Dance, Drugs and Escape: The Club Scene in Literature, Film and Television Since the Late 1980s
In the late 1980s the rave phenomenon swept the youth culture of the United Kingdom, incorporating the generations' two newest social stimulants: modern electronic dance music and a notorious designer drug known as Ecstasy. Although the movement began in rebellion against mainstream culture, its underground dynamism soon attracted the interest of novelists, screenwriters, and filmmakers who attempted to reflect the phenomenon in their works. Through artistic and commercial popularization, the once obscure subculture was transformed into a pop-culture behemoth with powerful links to the entertainment industry. This study deals with the transformative effects of film, television and literature on club culture. Chapters furthermore reflect club culture's own effect on crime, ethnicity, sexuality and drug use. As the study traces artistic depictions of club culture's development, each chapter focuses on individual books, films and television shows that reflect the transformation of the club culture into what it is today.
What people are saying - Write a review
We haven't found any reviews in the usual places.
Idealism to Economics
Crime and Club Life
7 other sections not shown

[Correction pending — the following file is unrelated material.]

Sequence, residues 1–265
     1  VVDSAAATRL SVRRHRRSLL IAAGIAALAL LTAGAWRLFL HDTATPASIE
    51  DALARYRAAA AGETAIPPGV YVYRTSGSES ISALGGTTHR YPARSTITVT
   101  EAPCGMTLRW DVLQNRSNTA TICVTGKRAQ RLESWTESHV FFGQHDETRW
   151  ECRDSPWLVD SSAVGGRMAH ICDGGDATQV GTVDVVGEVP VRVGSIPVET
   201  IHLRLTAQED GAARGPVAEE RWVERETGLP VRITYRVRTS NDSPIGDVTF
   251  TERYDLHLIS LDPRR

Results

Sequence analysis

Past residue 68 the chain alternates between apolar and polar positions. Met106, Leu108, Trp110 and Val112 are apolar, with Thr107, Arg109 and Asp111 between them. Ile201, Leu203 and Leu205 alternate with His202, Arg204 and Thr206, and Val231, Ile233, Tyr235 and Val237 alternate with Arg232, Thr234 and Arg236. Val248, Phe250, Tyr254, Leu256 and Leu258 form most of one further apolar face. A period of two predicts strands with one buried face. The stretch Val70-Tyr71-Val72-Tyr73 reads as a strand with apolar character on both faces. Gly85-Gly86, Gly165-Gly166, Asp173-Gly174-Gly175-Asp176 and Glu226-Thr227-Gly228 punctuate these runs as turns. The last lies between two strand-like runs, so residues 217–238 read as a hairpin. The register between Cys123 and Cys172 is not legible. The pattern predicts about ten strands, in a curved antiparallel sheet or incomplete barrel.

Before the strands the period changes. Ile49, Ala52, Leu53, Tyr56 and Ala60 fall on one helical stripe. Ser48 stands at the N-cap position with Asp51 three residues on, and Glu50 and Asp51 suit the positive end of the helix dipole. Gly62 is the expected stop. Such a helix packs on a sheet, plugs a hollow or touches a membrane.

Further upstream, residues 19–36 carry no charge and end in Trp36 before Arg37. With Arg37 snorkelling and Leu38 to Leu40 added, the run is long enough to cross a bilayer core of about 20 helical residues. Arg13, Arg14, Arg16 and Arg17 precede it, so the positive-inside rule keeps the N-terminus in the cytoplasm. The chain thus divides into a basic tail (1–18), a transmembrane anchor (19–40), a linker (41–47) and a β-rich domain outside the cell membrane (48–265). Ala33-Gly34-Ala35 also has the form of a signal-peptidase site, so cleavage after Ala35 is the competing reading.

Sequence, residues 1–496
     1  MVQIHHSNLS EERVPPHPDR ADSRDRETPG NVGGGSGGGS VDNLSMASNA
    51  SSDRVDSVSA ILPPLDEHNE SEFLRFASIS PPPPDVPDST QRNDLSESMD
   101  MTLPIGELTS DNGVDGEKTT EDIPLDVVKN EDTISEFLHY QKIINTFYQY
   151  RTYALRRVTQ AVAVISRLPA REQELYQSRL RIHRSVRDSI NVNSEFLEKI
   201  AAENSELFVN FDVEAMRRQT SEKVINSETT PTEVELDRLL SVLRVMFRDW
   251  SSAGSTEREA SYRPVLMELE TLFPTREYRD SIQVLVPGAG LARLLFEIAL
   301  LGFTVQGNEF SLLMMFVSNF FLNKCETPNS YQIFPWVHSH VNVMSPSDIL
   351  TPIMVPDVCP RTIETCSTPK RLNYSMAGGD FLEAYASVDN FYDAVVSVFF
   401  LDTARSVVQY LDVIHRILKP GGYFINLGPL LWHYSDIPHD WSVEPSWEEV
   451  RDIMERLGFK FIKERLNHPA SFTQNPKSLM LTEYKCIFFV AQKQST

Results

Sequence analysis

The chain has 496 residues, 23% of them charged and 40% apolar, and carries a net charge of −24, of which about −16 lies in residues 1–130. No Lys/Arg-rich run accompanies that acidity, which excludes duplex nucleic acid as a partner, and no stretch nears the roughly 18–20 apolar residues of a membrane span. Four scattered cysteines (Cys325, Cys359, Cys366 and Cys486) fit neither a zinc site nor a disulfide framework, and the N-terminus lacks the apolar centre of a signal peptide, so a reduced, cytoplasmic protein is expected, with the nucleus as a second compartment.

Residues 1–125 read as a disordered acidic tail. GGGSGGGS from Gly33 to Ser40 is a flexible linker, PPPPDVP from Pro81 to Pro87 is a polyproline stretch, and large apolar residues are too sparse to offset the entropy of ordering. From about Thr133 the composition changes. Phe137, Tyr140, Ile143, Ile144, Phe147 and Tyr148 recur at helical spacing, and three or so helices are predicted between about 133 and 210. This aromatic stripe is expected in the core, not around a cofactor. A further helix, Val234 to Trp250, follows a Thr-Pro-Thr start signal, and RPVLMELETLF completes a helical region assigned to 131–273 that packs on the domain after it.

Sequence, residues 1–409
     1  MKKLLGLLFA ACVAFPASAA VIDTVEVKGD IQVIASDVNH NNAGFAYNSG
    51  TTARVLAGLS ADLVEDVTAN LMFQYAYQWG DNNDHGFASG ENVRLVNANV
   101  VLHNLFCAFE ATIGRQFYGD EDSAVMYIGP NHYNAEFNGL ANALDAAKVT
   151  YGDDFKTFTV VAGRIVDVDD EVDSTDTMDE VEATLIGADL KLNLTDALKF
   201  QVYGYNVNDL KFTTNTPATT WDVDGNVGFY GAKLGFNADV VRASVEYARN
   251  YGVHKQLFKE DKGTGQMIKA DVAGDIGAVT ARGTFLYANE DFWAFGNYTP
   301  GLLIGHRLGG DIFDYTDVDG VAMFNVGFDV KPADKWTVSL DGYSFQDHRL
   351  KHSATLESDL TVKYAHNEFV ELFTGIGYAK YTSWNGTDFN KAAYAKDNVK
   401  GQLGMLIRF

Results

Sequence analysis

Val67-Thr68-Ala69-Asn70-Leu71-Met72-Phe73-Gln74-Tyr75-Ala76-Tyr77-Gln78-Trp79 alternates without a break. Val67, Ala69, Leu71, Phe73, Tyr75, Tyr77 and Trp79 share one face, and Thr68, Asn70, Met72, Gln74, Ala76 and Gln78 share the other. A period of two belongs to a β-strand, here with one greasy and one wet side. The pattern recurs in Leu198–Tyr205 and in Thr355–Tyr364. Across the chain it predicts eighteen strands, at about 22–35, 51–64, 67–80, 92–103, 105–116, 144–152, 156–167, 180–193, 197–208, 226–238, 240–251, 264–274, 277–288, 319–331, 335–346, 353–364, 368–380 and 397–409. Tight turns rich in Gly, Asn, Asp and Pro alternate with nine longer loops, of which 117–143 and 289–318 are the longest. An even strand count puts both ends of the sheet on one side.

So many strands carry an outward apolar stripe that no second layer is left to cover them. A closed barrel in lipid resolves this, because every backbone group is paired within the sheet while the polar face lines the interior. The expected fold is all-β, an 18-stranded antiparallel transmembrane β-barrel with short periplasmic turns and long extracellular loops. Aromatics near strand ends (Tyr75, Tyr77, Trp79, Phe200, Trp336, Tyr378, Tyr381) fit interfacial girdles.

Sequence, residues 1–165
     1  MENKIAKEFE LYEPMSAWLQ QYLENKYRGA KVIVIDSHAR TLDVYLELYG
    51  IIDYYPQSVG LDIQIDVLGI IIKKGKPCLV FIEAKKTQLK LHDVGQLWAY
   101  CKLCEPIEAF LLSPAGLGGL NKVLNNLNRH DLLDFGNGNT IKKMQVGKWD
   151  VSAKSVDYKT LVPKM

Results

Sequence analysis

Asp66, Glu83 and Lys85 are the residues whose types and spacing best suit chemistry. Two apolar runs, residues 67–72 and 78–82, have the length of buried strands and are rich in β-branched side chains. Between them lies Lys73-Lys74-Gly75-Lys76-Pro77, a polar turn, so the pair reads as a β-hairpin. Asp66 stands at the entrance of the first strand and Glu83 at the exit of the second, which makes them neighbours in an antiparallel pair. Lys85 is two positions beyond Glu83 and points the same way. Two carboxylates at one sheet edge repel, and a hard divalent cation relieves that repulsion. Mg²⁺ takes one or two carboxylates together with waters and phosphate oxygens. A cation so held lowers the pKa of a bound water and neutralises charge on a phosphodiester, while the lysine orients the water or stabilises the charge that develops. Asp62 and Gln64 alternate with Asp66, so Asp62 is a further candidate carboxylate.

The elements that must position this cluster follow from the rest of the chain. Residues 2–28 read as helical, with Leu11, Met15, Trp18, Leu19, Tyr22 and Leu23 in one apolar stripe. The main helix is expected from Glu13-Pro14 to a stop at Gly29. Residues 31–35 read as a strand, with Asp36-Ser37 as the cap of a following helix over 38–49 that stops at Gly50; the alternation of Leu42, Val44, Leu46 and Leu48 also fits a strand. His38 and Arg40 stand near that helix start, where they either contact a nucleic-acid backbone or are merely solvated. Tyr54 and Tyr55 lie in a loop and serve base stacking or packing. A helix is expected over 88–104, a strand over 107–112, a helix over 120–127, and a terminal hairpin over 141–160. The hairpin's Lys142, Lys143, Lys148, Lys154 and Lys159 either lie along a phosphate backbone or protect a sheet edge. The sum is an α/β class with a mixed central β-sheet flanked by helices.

Other editions - View all
Acid active American appears artistic aspects attempt audience become chapter characters clear club culture club fiction club scene clubbers collective common course criminal dance club dance music deal Despite discussion drug early economic ecstasy effects electronic elements escape event example experience expression fact feel film follows friends House important indicates industry influence interest involved late less literature lives London mainstream Manchester means Morvern move movement narrative nature night North American novel original participants party play plot political popular positive present production promoters rave record references reflect relationship relatively representation represented seems serves sexual short Simon Reynolds social society sort sound story straight structure style subculture success television term texts theme tion tradition ture Welsh's writers young youth